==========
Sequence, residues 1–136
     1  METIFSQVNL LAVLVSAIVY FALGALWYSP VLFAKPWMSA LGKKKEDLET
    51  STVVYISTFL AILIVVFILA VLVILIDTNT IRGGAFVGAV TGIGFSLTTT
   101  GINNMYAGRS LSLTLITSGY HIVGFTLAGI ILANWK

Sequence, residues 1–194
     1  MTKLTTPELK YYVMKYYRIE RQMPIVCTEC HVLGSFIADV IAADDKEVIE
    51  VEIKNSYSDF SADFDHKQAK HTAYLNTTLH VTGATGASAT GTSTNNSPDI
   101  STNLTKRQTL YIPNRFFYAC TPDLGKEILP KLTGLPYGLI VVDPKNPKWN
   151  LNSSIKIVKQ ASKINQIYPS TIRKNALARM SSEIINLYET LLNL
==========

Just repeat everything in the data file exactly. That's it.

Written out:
Sequence, residues 1–136
     1  METIFSQVNL LAVLVSAIVY FALGALWYSP VLFAKPWMSA LGKKKEDLET
    51  STVVYISTFL AILIVVFILA VLVILIDTNT IRGGAFVGAV TGIGFSLTTT
   101  GINNMYAGRS LSLTLITSGY HIVGFTLAGI ILANWK

Sequence, residues 1–194
     1  MTKLTTPELK YYVMKYYRIE RQMPIVCTEC HVLGSFIADV IAADDKEVIE
    51  VEIKNSYSDF SADFDHKQAK HTAYLNTTLH VTGATGASAT GTSTNNSPDI
   101  STNLTKRQTL YIPNRFFYAC TPDLGKEILP KLTGLPYGLI VVDPKNPKWN
   151  LNSSIKIVKQ ASKINQIYPS TIRKNALARM SSEIINLYET LLNL